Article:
Like It Or Not, Obamacare Arrives in Houston on Tuesday


Even though opposition in the House of Representatives continues from some Houston area legislators, Houstonians working at the frontlines continue to move forward in preparation for the start of the Affordable Care Act’s Health Marketplaces.

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Photo: NPR

Carrie Feibel, KUHF/NPR
Two high-profile Texans are fighting the Affordable Care Act. Gov. Rick Perry has loudly dismissed the law, and fellow Republican Sen. Ted Cruz took to the Senate floor this week at length — 21 hours and 19 minutes to be exact.

On the other side of the issue, you have Rosy Mota and her clipboard, standing at the door of a CVS pharmacy in one of Houston’s Latino neighborhoods, stopping shoppers.

“Hello, would you like a brochure about the new health care coverage that’s coming into effect? We’ll be here if you have any questions,” she tells a customer.

Mota works for , a national organization that has from the Obama re-election campaign. The group has combined sophisticated data-mining techniques and digital maps to figure out where the uninsured in Houston live, down to the block and house level.

Enroll America has just seven workers for Houston’s 800,000 uninsured residents. But it is part of a coalition of organizations that includes the city health department, the county’s public clinics, and groups like the Urban League. They’re all trying to get the word out about health insurance marketplaces and help the uninsured buy coverage made possible by the health law. The exchanges are scheduled to open Oct. 1.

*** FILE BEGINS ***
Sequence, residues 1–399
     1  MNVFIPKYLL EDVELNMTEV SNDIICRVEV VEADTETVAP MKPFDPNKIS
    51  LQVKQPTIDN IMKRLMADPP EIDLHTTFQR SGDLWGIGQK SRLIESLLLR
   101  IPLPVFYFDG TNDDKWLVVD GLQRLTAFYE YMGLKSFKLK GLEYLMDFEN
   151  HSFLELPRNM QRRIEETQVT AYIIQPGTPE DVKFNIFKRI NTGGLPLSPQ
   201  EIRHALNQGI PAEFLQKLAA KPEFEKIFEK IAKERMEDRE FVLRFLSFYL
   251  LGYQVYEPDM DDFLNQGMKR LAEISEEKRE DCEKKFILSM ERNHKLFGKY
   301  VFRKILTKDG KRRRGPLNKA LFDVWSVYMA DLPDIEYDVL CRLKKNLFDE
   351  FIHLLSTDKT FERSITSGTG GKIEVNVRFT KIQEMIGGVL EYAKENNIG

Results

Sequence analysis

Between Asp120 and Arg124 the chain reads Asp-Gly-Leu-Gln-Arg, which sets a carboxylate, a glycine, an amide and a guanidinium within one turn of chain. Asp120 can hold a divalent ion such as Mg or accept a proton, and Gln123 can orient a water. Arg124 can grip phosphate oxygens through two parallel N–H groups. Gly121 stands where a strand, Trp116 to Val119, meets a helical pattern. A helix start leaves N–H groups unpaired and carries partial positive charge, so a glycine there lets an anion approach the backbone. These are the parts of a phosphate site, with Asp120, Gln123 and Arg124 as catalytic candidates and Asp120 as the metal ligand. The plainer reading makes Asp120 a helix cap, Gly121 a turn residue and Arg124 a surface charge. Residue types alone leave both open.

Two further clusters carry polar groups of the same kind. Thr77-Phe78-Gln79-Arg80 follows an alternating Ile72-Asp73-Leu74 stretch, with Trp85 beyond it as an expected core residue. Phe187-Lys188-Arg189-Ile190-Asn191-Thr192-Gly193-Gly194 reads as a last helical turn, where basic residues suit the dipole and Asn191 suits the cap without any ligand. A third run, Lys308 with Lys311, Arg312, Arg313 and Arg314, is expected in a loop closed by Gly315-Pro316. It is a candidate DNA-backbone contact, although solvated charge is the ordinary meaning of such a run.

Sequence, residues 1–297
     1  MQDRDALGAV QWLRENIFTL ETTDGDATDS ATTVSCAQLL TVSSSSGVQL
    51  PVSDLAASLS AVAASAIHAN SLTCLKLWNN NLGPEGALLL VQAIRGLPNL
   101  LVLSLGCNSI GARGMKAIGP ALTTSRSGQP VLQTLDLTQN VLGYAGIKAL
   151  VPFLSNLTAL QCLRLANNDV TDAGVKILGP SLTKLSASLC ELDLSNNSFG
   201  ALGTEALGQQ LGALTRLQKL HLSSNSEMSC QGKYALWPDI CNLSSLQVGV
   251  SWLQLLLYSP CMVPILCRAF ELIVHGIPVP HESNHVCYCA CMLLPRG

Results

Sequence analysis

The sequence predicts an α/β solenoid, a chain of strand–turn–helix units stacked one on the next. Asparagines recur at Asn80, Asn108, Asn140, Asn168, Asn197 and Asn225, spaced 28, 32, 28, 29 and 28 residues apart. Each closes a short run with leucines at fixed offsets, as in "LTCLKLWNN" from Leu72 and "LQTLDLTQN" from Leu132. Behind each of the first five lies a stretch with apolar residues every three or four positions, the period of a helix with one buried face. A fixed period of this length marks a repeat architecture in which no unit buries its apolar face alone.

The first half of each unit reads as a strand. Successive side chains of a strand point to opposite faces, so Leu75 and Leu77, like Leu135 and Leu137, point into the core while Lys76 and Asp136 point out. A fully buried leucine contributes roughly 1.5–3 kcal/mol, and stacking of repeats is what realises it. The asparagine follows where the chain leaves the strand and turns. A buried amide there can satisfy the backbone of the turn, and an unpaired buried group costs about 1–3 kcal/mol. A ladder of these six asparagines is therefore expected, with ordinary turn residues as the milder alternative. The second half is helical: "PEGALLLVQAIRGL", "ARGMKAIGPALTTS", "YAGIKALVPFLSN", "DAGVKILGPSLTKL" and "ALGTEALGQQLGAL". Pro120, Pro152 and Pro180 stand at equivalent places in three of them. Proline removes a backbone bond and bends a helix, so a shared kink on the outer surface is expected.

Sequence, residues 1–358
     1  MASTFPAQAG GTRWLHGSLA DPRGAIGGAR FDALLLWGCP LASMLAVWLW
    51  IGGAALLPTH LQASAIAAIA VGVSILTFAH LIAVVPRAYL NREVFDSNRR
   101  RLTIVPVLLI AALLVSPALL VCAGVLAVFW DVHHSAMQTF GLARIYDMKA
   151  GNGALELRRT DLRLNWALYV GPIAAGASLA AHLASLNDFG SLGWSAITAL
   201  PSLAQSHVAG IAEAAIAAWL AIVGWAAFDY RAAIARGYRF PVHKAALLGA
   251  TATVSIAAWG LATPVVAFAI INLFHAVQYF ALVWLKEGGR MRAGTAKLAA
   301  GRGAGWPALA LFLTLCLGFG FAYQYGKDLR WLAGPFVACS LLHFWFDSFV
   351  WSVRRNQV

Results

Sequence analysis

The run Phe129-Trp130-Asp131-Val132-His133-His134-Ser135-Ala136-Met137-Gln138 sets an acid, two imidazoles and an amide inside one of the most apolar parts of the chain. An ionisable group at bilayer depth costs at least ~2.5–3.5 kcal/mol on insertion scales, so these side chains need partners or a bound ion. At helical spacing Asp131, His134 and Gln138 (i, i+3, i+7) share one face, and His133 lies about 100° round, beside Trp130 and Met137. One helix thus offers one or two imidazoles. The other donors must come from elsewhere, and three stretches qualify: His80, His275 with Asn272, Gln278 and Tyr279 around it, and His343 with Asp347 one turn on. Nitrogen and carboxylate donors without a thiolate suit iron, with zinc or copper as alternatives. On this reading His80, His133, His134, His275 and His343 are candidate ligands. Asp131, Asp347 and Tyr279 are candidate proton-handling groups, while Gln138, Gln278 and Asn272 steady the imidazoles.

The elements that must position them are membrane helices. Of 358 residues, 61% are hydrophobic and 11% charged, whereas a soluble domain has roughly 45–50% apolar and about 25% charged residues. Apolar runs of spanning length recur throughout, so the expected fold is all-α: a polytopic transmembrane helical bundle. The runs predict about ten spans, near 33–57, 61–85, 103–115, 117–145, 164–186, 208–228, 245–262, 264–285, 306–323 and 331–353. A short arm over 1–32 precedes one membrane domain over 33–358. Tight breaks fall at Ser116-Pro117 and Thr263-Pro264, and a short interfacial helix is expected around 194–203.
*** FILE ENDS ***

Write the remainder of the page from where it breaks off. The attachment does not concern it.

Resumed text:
“Regardless of whether you are for the Affordable Care Act or you’re against the Affordable Care Act, we’re not looking at it that way,” says Houston health official . “We’re saying that, from a public health perspective, getting people insured and getting them into the system is a good thing to do.”

The state of Texas is not providing any money or staff to help people sign up. So the city is using federal money funneled through the United Way and also tapping its own resources.

In fact, it considers the project so important that it’s using the same command-and-control structure that it uses during hurricanes. Instead of shelters and relief centers, the city is compiling a list of block parties, church events and festivals where people can learn about how to sign up for Obamacare….
(Listen and read more of the story at NPR) 






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